Navajo Nation Cracks Down on Meth After Murders
FARAI CHIDEYA, host:
Last month a triple murder termed `execution style' by the FBI shocked the small town of Hogback, New Mexico, in the northern reaches of the Navajo Nation. Authorities don't know the exact motive, but methamphetamine was at the heart of it. The drug has devastated rural communities and moved into urban areas. Now meth is spreading across the country's Indian reservations. As Arizona Public Radio's Daniel Kraker report, Navajos hope this most recent tragedy will serve as a wake-up call.
DANIEL KRAKER reporting:
While an execution-style murder might end up in the back pages of the local paper in New York or Los Angeles, it's huge news on the Navajo Nation. Sitting in her pickup in Hogback to keep warm from the chilly morning air, Anita Hayes(ph) says there hasn't been a murder here in 15 years.
Ms. ANITA HAYES: Something like this just doesn't happen around here in this quiet community that we live in. A lot of people were very stunned about it. We're afraid.
(Soundbite of door slamming)
KRAKER: Navajo criminal investigator Dale West slams the door of his SUV and approaches the crime site on a dirt road just off the main highway. He found the victims' car here riddled with bullet holes. One was shot 14 times. Another was slumped in the passenger seat still holding a meth pipe.
Mr. DALE WEST (Navajo Criminal Investigator): It was an ambush in nature. The victims totally were not prepared or expecting this attack.
KRAKER: West says one of the victims and at least one of the suspects were meth dealers. All that's here now, though, are three small vases of flowers and a reservationwide resolve that something needs to be done about meth.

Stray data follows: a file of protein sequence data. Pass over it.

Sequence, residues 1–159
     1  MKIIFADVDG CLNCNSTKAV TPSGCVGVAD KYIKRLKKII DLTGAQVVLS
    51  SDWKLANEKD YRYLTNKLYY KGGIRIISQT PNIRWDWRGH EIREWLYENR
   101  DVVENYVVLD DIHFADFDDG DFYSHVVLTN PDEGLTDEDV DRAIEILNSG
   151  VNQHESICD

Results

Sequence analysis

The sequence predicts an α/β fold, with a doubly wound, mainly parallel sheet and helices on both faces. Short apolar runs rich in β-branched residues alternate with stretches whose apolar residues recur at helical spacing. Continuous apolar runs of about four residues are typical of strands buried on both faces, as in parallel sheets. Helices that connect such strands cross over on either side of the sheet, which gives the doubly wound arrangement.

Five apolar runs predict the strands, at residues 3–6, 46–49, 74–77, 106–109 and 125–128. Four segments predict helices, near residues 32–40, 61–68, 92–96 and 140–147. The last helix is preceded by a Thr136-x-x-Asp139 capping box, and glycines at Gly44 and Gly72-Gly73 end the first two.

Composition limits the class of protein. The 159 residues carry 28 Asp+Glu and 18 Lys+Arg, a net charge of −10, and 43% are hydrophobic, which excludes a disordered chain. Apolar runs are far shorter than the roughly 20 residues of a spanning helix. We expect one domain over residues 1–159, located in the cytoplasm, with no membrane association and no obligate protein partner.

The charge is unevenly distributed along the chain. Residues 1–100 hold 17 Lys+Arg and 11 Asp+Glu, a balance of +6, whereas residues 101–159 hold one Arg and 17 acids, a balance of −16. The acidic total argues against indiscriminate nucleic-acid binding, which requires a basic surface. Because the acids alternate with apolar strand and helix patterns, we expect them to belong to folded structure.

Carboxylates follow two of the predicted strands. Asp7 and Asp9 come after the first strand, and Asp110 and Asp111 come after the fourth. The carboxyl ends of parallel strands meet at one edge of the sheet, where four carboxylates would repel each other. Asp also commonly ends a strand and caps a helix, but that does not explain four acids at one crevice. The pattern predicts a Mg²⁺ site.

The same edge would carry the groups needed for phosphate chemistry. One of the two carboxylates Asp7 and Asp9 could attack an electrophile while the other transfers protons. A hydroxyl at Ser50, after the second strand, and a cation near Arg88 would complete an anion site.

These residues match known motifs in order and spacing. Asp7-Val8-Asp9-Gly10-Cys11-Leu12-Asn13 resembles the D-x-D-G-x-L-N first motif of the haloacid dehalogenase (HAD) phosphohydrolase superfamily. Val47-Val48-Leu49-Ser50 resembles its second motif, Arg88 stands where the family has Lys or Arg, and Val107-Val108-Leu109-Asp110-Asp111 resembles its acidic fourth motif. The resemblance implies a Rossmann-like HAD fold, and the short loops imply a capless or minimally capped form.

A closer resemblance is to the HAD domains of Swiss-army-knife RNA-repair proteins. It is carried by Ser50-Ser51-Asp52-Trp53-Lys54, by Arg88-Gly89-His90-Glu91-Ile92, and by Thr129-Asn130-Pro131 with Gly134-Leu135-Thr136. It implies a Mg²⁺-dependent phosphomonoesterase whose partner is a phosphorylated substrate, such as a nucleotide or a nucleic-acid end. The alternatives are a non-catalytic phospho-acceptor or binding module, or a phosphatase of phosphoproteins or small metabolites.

Ms. LEANNE JONES(ph): Because that is just an ugly, ugly scene in our community right now, and it's just permeating everything.
KRAKER: Leanne Jones taught two of the victims at Rocinante High School in the nearby off-reservation town of Farmington. On the reservation, a recent survey shows 15 percent of high school kids use meth; that compares to about 6 percent nationally. Police say as much as 90 percent of violent crime there is now linked to the drug.
(Soundbite of announcement)
Unidentified Man: (Navajo spoken)
KRAKER: So tribal health professionals have taken to the local airwaves with this Navajo-language announcement to educate families about the dangers of meth.
(Soundbite of announcement)
Unidentified Man: Najavo Department of the Havio Health Service Toya Meth Task Force(ph). (Navajo spoken)
KRAKER: Lynette Willie with the Navajo Behavioral Health Department says the campaign is slowly having an impact, especially on parents who knew little about the drug. At the same time she admits meth is becoming more prevalent at schools.
Ms. LYNETTE WILLIE (Navajo Behavioral Health Department): We find crystal methamphetamine that's being used right at the school. Kids get it in the stairways or close to the buildings, just behind the bushes.
KRAKER: There are lots of theories as to why meth use has exploded here in the past five years. Police point out the drug wasn't even illegal until February. Until then, only the FBI could make meth arrests. Tribal police left small-time dealers and users alone. The drug is cheap, easy to get and easy to make. Willie says in a place where unemployment is 60 percent, it's hard to convince dealers to stop.
Ms. WILLIE: And they were coming back and you were getting them to that line where they saw all the reasons of why they should stop, but they say, `I just can't. We'll have no income for our family.' And how do you give hope to that individual to say, `This is something, you know, to save your life'? And they say, `Well, you know, what am I going to be left with?'
KRAKER: For Mickie Preston, she was left with a healthy daughter. The former addict quit cold turkey after becoming pregnant six years ago.
Ms. MICKIE PRESTON: For me, it was easy because I had my reason with my daughter, my baby, my unborn child.
KRAKER: Preston lives with her mom and daughter in a cluttered apartment in Chin Lee in the middle of the vast reservation. She's escaped meth, but her friends here and her daughter's father still use it, and she worries that someday her daughter might join them.
Ms. PRESTON: I put those in her genes. I put addiction in her, and I'm scared. I'm really scared because it happened for me. I ended up that way.
KRAKER: Preston believes the tribe needs more treatment centers, more jail space to deal with the meth epidemic. But in the long run health officials say their best weapon is parents like Preston, parents who grasp the drug's dangers and teach their kids about it. For NPR News, I'm Daniel Kraker.
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